Tolerance and Diversity Institute


Meeting on the Restitution Issues and Tandoyants Church Case

On March 27, Tolerance and Diversity Institute (TDI) and Human Rights Education and Monitoring Center (EMC) organized a round-table meeting on the topic: the case of Tandoyants Church and the problem of restitution of property of religious organizations.

The event was attended by the representatives of diplomatic missions, international organizations, NGOs working on human rights issues, art/history experts and leaders of religious associations. The goal of the meeting was to present the ongoing case details and historic and architectural research findings on the Armenian church (Tandoyants), also to overview and discuss the problem of restitution of the houses of worship confiscated from religious organizations during the Soviet period.

The meeting was led by Mako Gavtadze - member of TDI’s board of directors and Tamta Mikeladze - director of EMC’s equality policy program. Ekaterine Bokuchava, Director of Promoting Rule of Law in Georgia’s (PROLoG) Access to Justice program addressed the guests with a welcome speech.

The first session of the meeting was dedicated to the issue of transferring ownership rights of historical Armenian church Tandoyants Surb Astvatsatsin (Tandoyants St. Mary Church) to the Georgian Orthodox Church (GOC) Patriarchate. On the case of Tandoyants Church the Eparchy of Armenian Apostolic Church is represented by TDI and EMC at court and administrative bodies. Lawyers of both organizations - TDI and EMC - Gvantsa Lomaia and Eto Gvritishvili presented the legal assessment of the church transfer and overviewed the ongoing process.

Bishop of the Armenian Apostolic Church (AAC) Vazgen Mirzakhanyan addressed the participants of the meeting. He overviewed the history and contribution of Armenian Apostolic Church in Georgia. Since restoration of Georgia’s independence, the Eparchy has been expecting restitution of the historic temples. Besides, even those temples, where the AAC eparchy serves nowadays, are under the state ownership. According to the Bishop, the issue of 7 historical temples is still unclear. The Armenian Church is particularly concerned about the fact of transferring Armenian Tandoyants Surb Astvatsatsin temple to the GOC Patriarchate in 2017. Bishop Vazgen also noted, that besides returning the historical property, it is very important to preserve the cultural heritage of Georgia.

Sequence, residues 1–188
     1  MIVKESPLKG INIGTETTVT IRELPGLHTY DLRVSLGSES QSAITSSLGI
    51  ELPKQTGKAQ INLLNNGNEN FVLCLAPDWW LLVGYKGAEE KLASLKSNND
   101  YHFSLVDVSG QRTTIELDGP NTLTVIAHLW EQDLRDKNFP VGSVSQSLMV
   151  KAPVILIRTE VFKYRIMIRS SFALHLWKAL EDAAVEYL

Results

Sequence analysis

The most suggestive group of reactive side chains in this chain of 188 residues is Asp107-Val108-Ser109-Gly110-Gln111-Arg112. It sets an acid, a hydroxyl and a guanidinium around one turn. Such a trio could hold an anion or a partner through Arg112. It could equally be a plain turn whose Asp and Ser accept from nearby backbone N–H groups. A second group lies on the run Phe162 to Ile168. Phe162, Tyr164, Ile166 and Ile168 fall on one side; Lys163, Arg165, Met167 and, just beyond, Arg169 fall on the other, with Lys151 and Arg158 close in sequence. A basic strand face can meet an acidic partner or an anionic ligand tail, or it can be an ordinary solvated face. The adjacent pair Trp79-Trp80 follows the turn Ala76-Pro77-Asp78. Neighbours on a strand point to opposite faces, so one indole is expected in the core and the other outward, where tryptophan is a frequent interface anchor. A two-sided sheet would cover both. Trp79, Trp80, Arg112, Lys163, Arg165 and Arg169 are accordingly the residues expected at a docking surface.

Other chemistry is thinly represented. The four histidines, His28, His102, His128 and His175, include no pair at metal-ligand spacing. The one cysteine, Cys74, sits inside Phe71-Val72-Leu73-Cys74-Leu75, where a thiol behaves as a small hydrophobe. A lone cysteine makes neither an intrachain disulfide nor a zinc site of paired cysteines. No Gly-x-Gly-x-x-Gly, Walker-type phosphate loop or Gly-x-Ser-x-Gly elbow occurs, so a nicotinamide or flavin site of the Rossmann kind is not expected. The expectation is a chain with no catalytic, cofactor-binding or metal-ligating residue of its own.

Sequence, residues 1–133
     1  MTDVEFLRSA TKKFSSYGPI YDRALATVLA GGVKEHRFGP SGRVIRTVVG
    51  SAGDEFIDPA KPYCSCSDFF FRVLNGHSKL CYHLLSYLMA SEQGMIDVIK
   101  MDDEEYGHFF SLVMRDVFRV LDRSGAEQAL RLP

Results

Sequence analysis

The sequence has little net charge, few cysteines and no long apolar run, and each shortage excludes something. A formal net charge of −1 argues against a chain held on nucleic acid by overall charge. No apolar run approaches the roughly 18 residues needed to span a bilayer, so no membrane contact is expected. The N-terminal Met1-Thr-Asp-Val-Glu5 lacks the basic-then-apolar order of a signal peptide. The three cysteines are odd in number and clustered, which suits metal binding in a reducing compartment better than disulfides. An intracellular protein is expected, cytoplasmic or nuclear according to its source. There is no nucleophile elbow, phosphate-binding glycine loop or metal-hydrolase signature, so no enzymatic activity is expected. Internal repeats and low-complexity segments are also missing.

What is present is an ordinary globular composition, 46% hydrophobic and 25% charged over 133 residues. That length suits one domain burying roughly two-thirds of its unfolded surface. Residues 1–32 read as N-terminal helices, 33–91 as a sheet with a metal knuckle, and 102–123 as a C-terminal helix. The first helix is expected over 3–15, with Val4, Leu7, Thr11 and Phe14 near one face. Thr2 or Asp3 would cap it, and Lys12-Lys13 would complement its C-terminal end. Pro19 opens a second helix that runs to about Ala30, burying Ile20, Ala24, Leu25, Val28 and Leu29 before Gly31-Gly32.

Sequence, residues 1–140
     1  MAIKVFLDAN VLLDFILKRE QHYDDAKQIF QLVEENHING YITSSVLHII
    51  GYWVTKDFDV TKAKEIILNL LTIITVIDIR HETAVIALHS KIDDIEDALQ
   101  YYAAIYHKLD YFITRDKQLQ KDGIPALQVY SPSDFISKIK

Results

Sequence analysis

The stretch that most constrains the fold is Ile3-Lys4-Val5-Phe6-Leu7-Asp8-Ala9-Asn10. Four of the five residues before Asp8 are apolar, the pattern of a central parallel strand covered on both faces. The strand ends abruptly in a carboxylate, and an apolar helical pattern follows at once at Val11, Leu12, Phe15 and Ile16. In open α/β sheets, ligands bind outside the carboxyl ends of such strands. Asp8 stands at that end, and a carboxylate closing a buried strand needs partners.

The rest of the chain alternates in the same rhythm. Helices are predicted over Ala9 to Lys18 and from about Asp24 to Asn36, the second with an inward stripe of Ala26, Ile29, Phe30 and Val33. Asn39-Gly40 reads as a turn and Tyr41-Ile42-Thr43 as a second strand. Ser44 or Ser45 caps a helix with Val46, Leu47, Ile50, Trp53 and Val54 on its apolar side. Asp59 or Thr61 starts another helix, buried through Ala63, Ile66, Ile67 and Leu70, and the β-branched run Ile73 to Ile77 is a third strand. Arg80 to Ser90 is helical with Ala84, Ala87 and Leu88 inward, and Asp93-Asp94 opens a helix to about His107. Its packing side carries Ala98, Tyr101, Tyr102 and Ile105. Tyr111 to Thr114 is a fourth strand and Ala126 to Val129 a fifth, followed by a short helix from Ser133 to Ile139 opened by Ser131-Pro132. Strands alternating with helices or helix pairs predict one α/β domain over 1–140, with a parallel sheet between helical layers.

The art historian Natalia Chitishvili presented the results of historical-architectural research of Tandoyants Church, which, based on historical materials, maps, archival documents and other valid sources confirms the fact, that mentioned building  belonged to Armenian Apostolic Church before the Soviet occupation.

Arusyak Terchanyan, the doctor of history studies, also overviewd the archival and historical documents proving the Armenian origin of the Tandoyants Church.

The representative of ICOMOS Georgia, restoration architect Nato Tsintsabadze, while discussing Tandoyants Church case, outlined the importance of maintaining the authenticity of cultural heritage monuments. According to  her, attention must be paid to the cultural importance of the existing building and preserving its value, rather than examining the archaeological layers under the Church.

The second part of the meeting was dedicated to the restitution of religious buildings confiscated during the Soviet period. The speeches were delivered by the representative of The Public Defender’s office, Tatuli Todua, The Bishop of the Catholic Church Giuseppe Pasotto and The Bishop of the Evangelical-Lutheran Church, Markus Schoch.